Osama: The Making of a Terrorist. By Jonathan Randal; published by Alfred A. Knopf, www.randomhouse.com (Web); 340 pages; $26.95.
The face of terrorism today is Osama bin Laden. Yet for all the publicity surrounding him, he remains an elusive figure who has become larger than life throughout the Muslim world. Merely mentioning his name evokes adulation among his devotees and revulsion in the Western world. When he issues a video or audiotape, terror alerts spike all over the world. Therefore, knowing as much as possible about him is useful for those tasked with trying to counter his activities and those of his supporters. This book is an excellent effort to do just that.
Author Jonathan Randal is a veteran Middle East correspondent who is one of the few Western journalists to have spent considerable time in the presence of bin Laden. Through personal interviews and other sources developed over more than 40 years of covering the region, Randal places the phenomenon of bin Laden within the larger context of the clash between Islam and the West. In so doing, he raises a number of interesting questions, such as the possibility that bin Laden offered his organization’s help to Saudi Arabia when Iraq invaded Kuwait in 1991.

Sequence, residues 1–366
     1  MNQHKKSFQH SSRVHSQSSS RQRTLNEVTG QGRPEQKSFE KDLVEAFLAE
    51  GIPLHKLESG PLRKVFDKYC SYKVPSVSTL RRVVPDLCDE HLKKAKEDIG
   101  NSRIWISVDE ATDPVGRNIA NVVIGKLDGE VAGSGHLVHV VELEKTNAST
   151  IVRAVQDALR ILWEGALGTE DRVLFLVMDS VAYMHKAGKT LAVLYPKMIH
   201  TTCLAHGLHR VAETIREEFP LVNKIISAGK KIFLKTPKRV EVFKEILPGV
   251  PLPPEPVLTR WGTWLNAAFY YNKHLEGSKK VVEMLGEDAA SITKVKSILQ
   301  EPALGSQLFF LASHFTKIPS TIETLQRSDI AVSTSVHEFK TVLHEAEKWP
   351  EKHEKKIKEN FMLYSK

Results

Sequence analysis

Though Randal does an excellent job of explaining who and what bin Laden is, he seems less able to deal with Western responses to bin Laden’s terrorism, falling into the standard criticisms of U.S. foreign policy and in some ways blaming the West for terrorism in general. Nonetheless, Osama is a worthwhile book for security professionals, policymakers, and academics. Its insights into bin Laden will help us understand how and why al Qaeda has become the international threat we now confront.
Reviewer: Mayer Nudell, CSC (Certified Security and Safety Consultant), is a California-based independent consultant on crisis management, contingency planning, and related issues. He is a member of ASIS International.